Thursday, 21 February 2013

The spectrum of personal accountability

Given the allegations regarding the sale of helicopters to India, corruption is quite topical at the minute. Corruption distorts the procurement process, paradoxically switches power away from the buyer and leads to additional cost. I am sure we agree it is a very bad thing. However, what if the cost of being guilty of corruption led to the ultimate cost, the cost of the perpetrators life? Would that bring corruption to an end? No, this isn't some grotesque and sick joke, it is real life; or perhaps, real death.

Hanging is the price which has just been meted out to four people in Iran found guilty of corruption - it appears an unprecedented judgement. The corruption relates to "disrupting the economic system" through forging letters of credit from a partially state-owned bank which in turn enabled the funding of 40 companies. There were 39 defendants of which 25 have been convicted. Four are staring at the hangman's noose. Two deputy ministers, two director generals, and several government officials escape the noose but face 10 years in prison. There are suggestions of a political objective being behind the sentencing.  

I think most of us would be absolutely horrified, yet personal accountability is what this is about. We want personal accountability to mean something when bankers disrupt the West's economic system. We want personal accountability when the NHS fails individuals. We seem to get a bit lost though when it comes to food supply chain accountability.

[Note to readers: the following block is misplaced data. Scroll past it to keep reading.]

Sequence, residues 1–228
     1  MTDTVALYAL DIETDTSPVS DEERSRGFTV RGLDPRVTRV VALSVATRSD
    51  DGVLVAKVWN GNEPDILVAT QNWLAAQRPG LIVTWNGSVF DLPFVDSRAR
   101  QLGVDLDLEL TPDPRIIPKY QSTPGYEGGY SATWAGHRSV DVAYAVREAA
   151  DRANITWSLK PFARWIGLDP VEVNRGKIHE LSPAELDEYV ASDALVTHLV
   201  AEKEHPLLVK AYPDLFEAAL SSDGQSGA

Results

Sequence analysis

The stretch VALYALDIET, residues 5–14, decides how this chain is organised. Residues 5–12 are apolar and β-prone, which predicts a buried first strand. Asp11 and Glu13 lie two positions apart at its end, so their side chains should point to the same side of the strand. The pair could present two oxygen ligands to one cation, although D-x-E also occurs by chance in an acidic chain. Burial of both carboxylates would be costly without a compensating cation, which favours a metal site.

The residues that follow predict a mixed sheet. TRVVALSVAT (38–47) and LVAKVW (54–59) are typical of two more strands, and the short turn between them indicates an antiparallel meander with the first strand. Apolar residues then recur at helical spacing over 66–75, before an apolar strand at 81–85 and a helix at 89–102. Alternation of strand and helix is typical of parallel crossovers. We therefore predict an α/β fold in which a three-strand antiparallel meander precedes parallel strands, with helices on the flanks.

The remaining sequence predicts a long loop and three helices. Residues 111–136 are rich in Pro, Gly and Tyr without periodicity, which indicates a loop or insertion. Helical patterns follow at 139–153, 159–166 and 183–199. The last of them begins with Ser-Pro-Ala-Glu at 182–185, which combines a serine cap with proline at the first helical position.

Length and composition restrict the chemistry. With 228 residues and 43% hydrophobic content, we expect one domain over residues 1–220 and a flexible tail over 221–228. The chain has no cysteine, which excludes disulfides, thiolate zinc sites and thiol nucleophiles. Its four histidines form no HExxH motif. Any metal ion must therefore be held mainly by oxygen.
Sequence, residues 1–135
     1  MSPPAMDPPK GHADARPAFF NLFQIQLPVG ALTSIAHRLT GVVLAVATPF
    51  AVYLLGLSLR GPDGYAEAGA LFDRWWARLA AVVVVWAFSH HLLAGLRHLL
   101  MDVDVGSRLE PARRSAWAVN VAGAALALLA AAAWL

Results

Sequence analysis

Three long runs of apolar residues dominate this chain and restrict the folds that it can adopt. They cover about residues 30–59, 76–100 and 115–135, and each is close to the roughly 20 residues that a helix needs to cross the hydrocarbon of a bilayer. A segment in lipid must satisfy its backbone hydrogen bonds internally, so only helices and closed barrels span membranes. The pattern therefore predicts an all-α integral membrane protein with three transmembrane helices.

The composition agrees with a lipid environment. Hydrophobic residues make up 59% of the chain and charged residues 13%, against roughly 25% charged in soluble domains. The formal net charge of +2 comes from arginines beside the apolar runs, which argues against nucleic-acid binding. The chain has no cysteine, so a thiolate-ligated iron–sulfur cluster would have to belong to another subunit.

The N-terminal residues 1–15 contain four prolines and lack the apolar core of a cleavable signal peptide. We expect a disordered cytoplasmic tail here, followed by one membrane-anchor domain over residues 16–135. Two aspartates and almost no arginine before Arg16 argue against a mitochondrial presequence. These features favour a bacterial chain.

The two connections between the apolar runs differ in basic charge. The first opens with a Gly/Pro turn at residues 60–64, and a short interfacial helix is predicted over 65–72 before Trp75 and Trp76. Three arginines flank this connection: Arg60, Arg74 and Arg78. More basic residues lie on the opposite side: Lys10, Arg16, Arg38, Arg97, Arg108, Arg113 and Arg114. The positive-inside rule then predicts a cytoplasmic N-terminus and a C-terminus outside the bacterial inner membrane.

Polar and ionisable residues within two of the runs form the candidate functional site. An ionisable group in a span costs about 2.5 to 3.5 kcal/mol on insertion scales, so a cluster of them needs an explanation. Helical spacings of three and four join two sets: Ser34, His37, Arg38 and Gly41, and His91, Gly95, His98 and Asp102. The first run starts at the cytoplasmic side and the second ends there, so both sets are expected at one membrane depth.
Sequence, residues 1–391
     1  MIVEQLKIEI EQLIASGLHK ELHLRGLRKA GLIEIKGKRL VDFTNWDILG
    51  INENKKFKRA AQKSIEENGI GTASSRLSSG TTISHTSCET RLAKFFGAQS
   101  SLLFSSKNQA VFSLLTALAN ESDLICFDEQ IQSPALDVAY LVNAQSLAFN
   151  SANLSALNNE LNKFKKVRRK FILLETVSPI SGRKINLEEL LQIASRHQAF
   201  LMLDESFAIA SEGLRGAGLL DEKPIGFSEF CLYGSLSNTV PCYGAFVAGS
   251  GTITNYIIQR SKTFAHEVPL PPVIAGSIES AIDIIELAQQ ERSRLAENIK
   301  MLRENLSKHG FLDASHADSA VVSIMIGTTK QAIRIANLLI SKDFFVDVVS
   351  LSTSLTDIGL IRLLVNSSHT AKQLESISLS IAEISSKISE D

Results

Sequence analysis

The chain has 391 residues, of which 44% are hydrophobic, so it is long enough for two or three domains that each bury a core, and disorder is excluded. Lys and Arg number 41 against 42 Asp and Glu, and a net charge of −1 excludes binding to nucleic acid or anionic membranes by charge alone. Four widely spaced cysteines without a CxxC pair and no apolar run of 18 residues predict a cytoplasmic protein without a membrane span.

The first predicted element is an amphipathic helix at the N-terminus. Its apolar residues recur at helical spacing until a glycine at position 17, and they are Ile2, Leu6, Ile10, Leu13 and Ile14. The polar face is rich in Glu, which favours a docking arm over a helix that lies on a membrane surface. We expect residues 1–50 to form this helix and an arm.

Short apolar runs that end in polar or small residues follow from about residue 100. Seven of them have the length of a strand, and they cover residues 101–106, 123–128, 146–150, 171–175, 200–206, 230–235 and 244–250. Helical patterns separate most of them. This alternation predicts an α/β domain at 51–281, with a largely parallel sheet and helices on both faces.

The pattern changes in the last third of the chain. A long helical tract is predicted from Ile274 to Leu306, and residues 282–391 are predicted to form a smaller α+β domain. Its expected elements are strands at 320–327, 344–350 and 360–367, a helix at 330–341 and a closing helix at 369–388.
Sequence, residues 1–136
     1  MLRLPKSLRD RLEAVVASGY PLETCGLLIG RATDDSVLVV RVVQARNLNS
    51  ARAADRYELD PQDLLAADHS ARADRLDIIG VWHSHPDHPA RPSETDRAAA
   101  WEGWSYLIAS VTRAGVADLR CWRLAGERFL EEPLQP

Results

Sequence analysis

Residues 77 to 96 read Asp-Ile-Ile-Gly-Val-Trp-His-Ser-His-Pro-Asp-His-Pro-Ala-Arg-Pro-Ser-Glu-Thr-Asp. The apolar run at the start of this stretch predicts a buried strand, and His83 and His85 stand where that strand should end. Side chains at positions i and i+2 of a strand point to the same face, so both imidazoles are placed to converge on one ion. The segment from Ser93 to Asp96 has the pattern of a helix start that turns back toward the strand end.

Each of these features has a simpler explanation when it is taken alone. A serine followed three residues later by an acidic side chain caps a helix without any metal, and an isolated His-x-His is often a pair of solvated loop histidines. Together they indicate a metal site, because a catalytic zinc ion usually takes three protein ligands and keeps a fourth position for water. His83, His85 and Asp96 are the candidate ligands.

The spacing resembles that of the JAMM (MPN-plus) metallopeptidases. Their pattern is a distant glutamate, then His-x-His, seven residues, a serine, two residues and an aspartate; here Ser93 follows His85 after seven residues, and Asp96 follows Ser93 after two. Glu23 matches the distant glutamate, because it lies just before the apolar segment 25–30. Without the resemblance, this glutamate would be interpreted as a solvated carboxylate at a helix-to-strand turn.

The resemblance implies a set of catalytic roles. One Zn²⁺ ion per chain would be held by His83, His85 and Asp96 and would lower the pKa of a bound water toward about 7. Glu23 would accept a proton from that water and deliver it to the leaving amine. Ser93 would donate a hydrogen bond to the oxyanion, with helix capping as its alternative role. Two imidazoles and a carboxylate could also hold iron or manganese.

If the death sentence is abhorrent (I assume you share my view that it is) and it is at one end of the spectrum, and walking away with a bonus (reward) is at the other end of the spectrum; what is an acceptable level of personal accountability? Personally, I don't have an answer but I do think we need to start thinking about what 'appropriate' looks like in terms of procurement personal accountability.

Now, what if you were asked, during a job interview: "What level of personal accountability are you prepared to accept?" How would you answer? 

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